GeneBay worked with value-added provider ASK to determine which Seagate solutions fit their needs.  Not only did they want an affordable mass capacity solution, but also a supplier who supported them in applying for Japan’s Small and Medium-Sized Enterprise (SME) Tax Measures System. Imai noted that this system offers SMEs a tax incentive (deduction) when investing in new equipment that improves company productivity by a yearly average of one percent or more compared to their previous model (e.g., in production efficiency, accuracy, or energy efficiency, etc.). To apply, manufacturers must issue a certificate to the SME prior to purchasing, proving that the equipment meets productivity improvement requirements.    

    GeneBay’s initial technology provider of choice declined handling such requests, noting that the application process has become more complex. Seagate, however, agreed to help and supported GeneBay in successfully applying for the tax incentive. Since the initiative is ongoing, Imai anticipates reapplying for the incentive when purchasing future Seagate solutions.

    Prior to purchasing, Imai was familiar with the previous model of Exos CORVAULT with Seagate’s Autonomic Distributed Allocation Protection Technology (ADAPT). At the time of decision making for GeneBay’s intended purchase, Imai was especially pleased that a new generation of Exos CORVAULT was available—bridging ADAPT with exclusive features that were simple and comparatively low-cost.

    Seagate Exos CORVAULT helped streamline GeneBay’s data workflow. First, a DNA sequencer connected to a NAS system sends data to GeneBay’s 10GB network for storage. Once stored in their new CORVAULT infrastructure, dedicated analysis servers interpret and prepare the data for delivery to the end customer through USB, external HDD, or the public cloud.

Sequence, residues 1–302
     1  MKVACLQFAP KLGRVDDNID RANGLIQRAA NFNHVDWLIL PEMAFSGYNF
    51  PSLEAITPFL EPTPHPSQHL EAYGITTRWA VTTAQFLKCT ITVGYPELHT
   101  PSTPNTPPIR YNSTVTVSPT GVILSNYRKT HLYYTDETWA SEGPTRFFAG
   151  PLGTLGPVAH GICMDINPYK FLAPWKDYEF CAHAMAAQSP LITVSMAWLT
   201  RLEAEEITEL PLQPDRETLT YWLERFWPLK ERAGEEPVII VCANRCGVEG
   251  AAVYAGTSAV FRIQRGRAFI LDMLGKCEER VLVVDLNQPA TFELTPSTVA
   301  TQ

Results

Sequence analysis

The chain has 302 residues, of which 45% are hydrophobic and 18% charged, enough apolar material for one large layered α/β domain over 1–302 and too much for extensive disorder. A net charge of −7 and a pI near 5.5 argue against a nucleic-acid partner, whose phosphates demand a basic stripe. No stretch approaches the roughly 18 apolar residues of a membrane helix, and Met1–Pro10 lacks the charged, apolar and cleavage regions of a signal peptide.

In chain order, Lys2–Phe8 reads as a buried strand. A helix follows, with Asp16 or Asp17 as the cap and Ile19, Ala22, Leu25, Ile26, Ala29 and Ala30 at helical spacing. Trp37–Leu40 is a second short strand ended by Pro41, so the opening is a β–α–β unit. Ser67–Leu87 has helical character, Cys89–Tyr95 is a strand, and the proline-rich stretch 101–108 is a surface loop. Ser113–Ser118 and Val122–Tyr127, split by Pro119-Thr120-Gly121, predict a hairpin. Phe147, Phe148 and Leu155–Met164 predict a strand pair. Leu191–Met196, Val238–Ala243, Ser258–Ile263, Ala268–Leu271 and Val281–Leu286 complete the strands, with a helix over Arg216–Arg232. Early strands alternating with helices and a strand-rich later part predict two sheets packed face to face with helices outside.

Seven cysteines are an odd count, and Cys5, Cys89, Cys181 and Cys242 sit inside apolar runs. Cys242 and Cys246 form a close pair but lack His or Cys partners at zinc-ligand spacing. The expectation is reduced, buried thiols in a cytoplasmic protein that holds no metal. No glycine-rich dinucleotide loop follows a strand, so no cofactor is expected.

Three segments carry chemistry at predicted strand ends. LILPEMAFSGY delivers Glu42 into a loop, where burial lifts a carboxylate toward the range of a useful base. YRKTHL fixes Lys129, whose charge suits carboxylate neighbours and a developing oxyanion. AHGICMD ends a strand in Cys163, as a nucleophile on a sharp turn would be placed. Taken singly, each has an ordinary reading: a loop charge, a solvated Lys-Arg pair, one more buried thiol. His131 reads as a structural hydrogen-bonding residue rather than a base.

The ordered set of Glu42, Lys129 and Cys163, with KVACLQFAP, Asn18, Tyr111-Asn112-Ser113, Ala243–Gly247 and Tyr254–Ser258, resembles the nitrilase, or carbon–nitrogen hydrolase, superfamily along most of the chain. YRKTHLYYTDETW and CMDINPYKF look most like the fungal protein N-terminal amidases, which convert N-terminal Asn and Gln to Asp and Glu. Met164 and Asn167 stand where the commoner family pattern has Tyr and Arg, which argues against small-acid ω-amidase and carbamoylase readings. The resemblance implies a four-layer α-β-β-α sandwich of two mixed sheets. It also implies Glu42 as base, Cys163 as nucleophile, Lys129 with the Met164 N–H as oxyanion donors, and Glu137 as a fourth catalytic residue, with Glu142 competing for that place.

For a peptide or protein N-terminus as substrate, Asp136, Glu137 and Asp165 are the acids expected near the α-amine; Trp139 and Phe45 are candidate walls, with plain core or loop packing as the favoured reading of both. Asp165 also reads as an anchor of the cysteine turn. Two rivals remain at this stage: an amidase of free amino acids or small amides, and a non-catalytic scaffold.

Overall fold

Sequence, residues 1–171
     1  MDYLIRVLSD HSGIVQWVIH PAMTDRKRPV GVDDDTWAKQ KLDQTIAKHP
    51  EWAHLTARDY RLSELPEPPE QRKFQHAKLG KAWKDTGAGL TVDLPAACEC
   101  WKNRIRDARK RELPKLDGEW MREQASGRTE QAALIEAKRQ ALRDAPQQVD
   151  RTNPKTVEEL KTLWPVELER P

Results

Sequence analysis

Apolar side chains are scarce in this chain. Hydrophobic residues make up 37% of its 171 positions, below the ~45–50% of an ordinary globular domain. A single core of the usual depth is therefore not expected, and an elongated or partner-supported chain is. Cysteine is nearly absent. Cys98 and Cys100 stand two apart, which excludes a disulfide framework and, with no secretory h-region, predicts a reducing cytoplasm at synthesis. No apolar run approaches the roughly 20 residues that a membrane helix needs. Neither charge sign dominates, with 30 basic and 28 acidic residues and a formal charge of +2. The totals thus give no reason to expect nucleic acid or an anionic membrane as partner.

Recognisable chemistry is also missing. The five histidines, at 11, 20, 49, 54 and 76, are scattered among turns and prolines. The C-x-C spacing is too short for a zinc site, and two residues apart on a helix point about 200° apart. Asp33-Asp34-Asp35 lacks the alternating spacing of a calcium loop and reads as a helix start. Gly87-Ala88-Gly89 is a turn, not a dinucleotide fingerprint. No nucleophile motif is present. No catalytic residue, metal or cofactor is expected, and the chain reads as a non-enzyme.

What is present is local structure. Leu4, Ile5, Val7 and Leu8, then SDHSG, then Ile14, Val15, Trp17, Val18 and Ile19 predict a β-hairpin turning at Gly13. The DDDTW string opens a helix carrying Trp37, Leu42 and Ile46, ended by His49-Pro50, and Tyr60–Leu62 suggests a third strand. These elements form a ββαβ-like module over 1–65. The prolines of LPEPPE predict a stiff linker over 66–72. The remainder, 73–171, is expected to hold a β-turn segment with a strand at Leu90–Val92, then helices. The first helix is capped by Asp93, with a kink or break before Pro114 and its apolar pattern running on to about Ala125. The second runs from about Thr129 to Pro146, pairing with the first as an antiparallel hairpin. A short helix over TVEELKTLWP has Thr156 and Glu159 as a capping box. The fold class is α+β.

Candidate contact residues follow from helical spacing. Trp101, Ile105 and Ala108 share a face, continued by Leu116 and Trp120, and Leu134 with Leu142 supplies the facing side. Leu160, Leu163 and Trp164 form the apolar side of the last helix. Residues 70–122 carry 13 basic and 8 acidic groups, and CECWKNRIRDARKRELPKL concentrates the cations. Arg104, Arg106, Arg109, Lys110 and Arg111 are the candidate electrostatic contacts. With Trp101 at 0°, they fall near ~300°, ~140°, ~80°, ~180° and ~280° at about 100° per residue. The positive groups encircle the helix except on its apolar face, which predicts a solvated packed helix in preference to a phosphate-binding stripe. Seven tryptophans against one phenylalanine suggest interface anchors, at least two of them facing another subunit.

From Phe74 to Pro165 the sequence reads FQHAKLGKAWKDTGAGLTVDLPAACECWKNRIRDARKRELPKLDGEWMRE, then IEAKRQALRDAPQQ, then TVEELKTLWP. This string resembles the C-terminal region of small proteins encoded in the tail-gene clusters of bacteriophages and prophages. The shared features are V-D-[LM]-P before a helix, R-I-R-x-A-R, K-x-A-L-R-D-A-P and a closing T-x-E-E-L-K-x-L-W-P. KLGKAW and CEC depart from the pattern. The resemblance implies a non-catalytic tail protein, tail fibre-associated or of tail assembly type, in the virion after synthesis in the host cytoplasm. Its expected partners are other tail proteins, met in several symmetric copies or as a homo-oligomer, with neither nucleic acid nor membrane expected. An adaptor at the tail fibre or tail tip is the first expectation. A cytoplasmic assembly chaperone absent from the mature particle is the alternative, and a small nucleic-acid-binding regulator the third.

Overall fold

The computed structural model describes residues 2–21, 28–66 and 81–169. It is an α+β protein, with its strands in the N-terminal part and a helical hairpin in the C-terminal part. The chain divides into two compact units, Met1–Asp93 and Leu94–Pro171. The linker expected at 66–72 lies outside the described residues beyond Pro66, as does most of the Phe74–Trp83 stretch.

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    Their Success

    Within the first three months of using Exos CORVAULT, GeneBay’s data amounted to 735TB of storage capacity. Staff could now take on “particularly large projects that deal with tremendous amounts of data” with peace of mind.

    “Without implementing CORVAULT, we would not have been able to take on these projects,” Imai said.

    Imai and his colleagues also appreciated Seagate’s fast solutions delivery. The implementation process only took six months, with discussions beginning in October and product delivery in March. The interim period enabled GeneBay to successfully apply for the SME tax incentive. They noted that their Exos CORVAULT system is “stable, fast, and easy to manage”—all important benefits for resource-stretched SMEs.  

    GeneBay also accomplished their initial goal of responding to growing data demands and the volume of analysis requested by each customer. Without the proper infrastructure, Imai believes GeneBay would have declined business deals worth tens of millions of Japanese yen in the last three months.

    Imai wants to prevent exhausting storage resources, regardless of how much data is deleted. Although he expects GeneBay’s data analysis to continue growing, he is hesitant to add more capacity without a more comprehensive plan of action which accounts for additional factors such as electricity costs. If, or when, that time comes, Imai said that GeneBay would happily consider Seagate’s assistance again.

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    Up until now, our storage capacity has been very dispersed and separated, and running out of storage space has always been on my mind. At the moment, with Exos CORVAULT, this has been resolved, and I am very grateful for that.

    Kensaku Imai

    Chief Operating Officer, GeneBay